Calendula Herbal Oil

Calendula infused oil is simple to prepare and has many medicinal and cosmetic uses.

Calendula Herbal Oil

This medicinal oil is simple to prepare and has so many uses. The gentle, soothing, and healing oil is perfect for cradle cap, diaper rash, chapped or chafed skin, bruises, and sore or inflamed muscles. The oil can be used alone, or incorporated into salves, massage oils, lip balms, ointments, creams, and lotions.

Organic Olive oil
Organic Calendula flowers

1. Place Calendula flowers in a clean, dry glass jar. If using fresh Calendula, wilt for 12 hours to remove most of the moisture (too much moisture will cause the oil to go rancid) before adding to the jar. Pour olive oil into the jar, making sure to cover the flowers by at least 1” of oil so they will have space to expand. Stir well and cap the jar tightly.
2. Place the jar in a warm, sunny windowsill and shake once or more per day.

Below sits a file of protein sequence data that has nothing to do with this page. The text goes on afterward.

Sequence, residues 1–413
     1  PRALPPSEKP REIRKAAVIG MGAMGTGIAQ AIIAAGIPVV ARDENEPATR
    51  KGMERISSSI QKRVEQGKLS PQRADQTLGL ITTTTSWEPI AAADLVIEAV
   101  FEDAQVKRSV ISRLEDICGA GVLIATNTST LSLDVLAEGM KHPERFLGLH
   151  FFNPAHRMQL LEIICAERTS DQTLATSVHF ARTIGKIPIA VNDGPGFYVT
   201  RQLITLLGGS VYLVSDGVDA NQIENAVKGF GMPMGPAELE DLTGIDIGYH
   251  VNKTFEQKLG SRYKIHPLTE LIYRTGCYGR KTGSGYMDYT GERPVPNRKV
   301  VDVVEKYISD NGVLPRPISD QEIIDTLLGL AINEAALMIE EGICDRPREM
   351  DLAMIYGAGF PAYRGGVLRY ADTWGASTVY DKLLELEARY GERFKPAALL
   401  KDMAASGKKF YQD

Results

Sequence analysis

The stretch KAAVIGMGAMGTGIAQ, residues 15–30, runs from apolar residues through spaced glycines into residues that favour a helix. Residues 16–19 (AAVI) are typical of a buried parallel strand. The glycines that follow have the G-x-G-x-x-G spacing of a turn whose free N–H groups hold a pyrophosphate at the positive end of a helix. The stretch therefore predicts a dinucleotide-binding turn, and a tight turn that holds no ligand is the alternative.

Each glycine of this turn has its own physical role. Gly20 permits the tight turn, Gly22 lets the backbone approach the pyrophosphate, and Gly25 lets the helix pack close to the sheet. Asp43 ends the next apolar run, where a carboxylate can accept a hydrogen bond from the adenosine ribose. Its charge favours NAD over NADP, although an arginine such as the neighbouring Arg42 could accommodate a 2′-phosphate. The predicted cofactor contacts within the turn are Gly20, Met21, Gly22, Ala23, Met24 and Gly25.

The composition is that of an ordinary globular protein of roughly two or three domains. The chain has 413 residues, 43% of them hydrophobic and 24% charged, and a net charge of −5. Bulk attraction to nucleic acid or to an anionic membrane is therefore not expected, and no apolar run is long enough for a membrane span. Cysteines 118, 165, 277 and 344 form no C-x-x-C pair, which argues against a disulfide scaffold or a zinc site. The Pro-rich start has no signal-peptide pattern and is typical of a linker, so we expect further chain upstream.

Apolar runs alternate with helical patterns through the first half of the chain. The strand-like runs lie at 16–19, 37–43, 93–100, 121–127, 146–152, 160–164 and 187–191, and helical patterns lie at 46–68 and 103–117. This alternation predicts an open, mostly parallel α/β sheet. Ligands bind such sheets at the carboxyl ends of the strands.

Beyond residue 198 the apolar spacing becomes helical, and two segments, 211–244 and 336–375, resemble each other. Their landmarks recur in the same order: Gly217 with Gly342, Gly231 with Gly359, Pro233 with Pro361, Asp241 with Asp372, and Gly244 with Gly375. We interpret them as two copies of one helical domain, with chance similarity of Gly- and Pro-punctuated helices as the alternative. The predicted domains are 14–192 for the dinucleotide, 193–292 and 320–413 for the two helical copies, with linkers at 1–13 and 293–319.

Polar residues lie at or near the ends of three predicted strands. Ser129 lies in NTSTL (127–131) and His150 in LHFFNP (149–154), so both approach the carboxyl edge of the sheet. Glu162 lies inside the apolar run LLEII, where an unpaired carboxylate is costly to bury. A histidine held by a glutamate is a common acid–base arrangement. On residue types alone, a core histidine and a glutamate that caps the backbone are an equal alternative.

3. After 4-6 weeks, strain the herbs out using cheesecloth. Pour the infused oil into glass bottles and store in a cool dark place.

Heat Method: I prefer to infuse oils utilizing the solar or folk method described above, but heat can be applied if you need the oil quickly. To prepare, follow step 1 from above, but place the Olive oil and Calendula flowers in an uncovered container. Warm over low heat at approximately 100 degrees F for at least 3-5 hours, the longer the better. A yogurt maker, double boiler, or inside the oven with a pilot light on are all effective ways to heat the oil, just make sure to check the temperature occasionally to ensure that the oil isn’t getting too warm. Once the oil has infused, strain out the herbs using cheesecloth and package the infused oil into glass bottles.

Calendula Salve

A soothing and healing salve. Rub into sore or inflamed muscles, apply to minor cuts, scrapes, insect bites, rashes, diaper rashes, stretch marks, chapped lips, chafed skin, bruises, and other skin irritations.

4 oz Calendula flower infused herbal oil (from above recipe)
½ oz Beeswax
20 drops organic Lavender essential oil (optional)

Coarsely chop the beeswax or use beeswax pastilles. Melt beeswax and Calendula oil over a double boiler.  Once melted, remove from burner and stir in the Lavender essential oil. Pour into tins or glass jars. Allow to cool thoroughly before using or placing caps on the jars.